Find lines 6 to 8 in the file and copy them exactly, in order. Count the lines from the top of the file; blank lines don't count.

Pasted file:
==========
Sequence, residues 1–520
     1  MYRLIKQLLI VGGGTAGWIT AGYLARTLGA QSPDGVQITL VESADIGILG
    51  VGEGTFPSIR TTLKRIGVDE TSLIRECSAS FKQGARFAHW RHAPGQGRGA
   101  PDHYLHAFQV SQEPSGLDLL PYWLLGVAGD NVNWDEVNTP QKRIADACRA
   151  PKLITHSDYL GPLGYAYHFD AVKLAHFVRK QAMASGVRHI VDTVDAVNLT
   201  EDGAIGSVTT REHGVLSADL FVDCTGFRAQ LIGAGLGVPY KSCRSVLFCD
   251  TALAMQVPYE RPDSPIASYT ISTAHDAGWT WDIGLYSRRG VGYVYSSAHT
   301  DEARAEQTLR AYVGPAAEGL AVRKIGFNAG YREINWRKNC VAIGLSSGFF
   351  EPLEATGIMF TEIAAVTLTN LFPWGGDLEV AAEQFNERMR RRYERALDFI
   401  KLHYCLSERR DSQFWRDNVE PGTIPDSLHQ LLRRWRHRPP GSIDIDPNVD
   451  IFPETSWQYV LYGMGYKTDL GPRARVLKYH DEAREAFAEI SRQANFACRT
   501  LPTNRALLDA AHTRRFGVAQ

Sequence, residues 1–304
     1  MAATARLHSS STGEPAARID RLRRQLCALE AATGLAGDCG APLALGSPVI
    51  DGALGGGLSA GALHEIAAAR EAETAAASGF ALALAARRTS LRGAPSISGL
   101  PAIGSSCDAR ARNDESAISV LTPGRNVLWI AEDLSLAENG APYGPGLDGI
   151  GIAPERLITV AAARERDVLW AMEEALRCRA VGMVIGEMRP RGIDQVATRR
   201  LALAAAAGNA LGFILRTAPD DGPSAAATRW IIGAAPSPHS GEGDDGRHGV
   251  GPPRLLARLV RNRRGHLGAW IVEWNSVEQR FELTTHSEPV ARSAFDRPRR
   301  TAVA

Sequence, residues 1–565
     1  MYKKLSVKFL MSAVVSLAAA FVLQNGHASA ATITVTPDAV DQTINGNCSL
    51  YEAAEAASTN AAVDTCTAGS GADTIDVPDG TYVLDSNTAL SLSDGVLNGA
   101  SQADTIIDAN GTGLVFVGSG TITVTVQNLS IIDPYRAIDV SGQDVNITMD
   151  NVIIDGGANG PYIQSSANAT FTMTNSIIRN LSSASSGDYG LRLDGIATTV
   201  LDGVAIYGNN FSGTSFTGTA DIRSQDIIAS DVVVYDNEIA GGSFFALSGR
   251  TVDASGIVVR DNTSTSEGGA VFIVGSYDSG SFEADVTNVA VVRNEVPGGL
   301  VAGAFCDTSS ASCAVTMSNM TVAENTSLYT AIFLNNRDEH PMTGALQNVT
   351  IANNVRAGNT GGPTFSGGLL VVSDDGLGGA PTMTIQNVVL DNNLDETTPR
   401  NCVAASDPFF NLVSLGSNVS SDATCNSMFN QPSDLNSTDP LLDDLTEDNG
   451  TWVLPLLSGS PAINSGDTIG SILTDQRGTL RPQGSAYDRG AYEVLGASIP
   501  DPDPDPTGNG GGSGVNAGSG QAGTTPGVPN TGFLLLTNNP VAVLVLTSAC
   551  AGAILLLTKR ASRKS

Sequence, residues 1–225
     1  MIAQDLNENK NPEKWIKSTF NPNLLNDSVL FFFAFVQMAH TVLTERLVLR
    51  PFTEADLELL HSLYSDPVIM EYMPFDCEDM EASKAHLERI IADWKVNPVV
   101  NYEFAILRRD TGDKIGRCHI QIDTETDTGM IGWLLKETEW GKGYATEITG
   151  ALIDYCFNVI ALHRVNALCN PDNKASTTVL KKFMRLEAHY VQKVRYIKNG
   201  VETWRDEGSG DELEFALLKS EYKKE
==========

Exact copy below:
   201  EDGAIGSVTT REHGVLSADL FVDCTGFRAQ LIGAGLGVPY KSCRSVLFCD
   251  TALAMQVPYE RPDSPIASYT ISTAHDAGWT WDIGLYSRRG VGYVYSSAHT
   301  DEARAEQTLR AYVGPAAEGL AVRKIGFNAG YREINWRKNC VAIGLSSGFF